Following up on yesterday's post from Louis, sometimes you encounter databases with missing referential integrity constraints. Even when the database is intended to have RI, accidents happen. Maybe a script dropped RI constraints before a bulk load and didn't quite get all of the constraints recreated. Whatever the reason, it's good to have a script to identify tables that are not referenced and do not reference other tables. Here's a script that works on SQL Server 2005 and 2008 (updated to no longer use sysreferences as per Adam Machanic's suggestion):
LEFT JOIN sys.foreign_keys referenced
ON sys.objects.object_id = referenced.referenced_object_id
LEFT JOIN sys.foreign_keys parent
ON sys.objects.object_id = parent.parent_object_id
WHERE sys.objects.type = 'U'
AND referenced.referenced_object_id IS NULL
AND parent.parent_object_id IS NULL
Louis did a good job explaining the importance of using the database engine to protect the integrity of the data. As a consultant, I've seen lots of databases with varying degrees of referential integrity. It never works out well in the long run when referential integrity isn't enforced in the database. Application code - even if it is christened object relational mapping - is no substitute for imposing referential integrity checks in the database. A relational database is more than a data storage repository - and it should be.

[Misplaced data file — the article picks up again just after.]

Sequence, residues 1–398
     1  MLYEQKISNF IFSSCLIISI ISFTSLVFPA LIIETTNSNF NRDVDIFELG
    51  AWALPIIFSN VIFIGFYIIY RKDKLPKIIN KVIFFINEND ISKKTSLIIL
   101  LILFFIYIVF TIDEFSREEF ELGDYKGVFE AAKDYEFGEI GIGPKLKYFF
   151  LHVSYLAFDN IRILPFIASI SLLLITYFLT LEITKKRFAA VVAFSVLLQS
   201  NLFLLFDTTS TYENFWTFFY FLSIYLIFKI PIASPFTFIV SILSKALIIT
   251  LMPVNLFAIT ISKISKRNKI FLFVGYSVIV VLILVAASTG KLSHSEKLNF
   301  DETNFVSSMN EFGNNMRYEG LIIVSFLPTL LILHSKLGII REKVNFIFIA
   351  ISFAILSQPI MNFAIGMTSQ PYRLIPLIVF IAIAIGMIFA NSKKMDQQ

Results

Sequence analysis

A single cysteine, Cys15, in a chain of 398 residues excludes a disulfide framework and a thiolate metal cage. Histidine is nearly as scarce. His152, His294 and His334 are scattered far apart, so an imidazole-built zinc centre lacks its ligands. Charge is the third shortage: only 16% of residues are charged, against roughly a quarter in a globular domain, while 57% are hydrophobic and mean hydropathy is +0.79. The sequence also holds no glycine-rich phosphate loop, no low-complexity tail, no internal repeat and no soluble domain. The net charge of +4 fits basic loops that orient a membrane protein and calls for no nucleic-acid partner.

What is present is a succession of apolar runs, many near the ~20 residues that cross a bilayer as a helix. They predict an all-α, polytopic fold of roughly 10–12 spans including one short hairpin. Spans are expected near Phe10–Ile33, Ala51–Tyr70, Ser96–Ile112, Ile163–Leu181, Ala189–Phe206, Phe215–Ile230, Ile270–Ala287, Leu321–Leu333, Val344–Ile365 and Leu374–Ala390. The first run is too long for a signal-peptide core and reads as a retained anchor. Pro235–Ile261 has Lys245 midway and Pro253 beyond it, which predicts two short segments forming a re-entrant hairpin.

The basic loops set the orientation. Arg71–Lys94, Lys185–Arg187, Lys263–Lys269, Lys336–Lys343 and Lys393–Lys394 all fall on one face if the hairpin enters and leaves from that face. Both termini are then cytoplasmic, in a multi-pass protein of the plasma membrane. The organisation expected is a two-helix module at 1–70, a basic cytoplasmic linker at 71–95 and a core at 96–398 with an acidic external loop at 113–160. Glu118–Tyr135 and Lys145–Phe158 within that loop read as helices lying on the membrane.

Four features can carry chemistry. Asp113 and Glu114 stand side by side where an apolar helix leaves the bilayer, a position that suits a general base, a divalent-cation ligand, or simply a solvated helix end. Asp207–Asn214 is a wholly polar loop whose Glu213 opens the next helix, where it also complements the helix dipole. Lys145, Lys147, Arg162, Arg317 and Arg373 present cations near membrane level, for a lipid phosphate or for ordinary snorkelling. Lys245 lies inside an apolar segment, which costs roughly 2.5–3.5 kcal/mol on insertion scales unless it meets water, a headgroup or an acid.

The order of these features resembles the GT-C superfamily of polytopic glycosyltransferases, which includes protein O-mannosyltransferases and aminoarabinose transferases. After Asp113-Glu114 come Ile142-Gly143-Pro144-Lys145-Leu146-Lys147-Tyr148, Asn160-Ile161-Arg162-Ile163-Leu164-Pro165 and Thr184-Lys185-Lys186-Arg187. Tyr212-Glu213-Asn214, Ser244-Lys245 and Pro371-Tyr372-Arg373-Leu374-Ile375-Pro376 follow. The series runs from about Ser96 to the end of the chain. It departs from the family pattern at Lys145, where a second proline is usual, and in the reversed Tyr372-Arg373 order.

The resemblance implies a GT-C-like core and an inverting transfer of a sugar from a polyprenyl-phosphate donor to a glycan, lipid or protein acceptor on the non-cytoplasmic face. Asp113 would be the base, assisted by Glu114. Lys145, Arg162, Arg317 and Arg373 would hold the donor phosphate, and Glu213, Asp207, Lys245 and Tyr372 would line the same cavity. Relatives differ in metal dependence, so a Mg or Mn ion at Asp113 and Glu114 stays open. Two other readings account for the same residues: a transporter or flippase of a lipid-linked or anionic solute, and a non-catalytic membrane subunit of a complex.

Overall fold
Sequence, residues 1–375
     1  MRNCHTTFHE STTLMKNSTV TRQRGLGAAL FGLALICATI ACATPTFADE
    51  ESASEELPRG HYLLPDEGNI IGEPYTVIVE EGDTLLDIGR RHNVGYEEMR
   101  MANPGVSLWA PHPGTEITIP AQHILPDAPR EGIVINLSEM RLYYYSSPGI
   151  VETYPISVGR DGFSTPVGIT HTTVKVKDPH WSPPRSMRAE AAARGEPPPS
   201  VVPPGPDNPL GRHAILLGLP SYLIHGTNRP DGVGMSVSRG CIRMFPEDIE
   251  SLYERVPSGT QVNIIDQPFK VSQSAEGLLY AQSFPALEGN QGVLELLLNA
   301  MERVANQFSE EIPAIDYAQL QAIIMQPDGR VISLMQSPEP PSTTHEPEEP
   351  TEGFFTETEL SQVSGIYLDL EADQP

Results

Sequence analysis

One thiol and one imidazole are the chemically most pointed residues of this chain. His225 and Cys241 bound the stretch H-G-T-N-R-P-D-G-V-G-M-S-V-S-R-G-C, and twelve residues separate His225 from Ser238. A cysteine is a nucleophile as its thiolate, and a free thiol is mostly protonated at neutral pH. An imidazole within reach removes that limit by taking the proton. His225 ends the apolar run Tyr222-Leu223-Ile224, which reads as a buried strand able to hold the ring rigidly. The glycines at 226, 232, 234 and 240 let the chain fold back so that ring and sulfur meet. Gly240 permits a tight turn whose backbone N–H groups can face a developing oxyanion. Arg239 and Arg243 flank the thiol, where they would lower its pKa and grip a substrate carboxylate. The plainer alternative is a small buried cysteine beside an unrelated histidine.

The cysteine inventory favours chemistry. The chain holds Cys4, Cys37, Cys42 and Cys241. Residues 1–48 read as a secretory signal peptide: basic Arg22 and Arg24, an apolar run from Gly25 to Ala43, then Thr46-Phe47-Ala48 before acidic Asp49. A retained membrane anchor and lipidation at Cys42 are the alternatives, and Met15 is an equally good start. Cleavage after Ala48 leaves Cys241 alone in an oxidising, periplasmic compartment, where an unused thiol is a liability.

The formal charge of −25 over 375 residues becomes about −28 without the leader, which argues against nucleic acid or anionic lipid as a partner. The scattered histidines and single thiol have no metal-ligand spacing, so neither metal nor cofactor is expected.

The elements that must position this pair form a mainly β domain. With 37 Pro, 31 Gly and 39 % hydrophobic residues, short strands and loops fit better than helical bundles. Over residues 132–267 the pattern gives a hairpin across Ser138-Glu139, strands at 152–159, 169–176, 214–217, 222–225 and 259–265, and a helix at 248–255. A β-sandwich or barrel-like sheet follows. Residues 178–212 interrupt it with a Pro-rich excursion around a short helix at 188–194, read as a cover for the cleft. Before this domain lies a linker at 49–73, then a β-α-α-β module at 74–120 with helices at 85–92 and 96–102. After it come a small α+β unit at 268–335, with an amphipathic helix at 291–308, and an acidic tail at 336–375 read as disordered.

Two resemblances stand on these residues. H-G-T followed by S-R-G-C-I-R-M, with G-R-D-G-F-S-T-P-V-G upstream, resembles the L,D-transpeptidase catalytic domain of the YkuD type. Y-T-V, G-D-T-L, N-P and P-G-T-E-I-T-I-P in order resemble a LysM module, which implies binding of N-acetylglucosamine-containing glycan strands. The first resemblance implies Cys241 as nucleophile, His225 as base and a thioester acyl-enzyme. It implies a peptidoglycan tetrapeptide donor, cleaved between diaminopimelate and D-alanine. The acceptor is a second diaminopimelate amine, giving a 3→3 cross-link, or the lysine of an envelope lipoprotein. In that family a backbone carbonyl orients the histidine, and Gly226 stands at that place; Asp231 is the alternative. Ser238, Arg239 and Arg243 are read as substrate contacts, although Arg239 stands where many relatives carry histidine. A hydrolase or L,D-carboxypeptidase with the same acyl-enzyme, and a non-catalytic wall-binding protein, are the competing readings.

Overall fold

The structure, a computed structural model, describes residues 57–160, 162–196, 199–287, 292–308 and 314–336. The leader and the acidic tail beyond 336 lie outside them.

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About John Paul Cook
John Paul Cook is both a Registered Nurse and a Microsoft SQL Server MVP experienced in Microsoft SQL Server and Oracle database application design, development, and implementation. He has spoken at many conferences including Microsoft TechEd and the SQL PASS Summit. He has worked in oil and gas, financial, manufacturing, and healthcare industries. Experienced in systems integration and workflow analysis, John is passionate about combining his IT experience with his nursing background to solve difficult problems in healthcare. He sees opportunities in using business intelligence and Big Data to satisfy healthcare meaningful use requirements and improve patient outcomes. Contributing author to SQL Server MVP Deep Dives
and SQL Server MVP Deep Dives Volume 2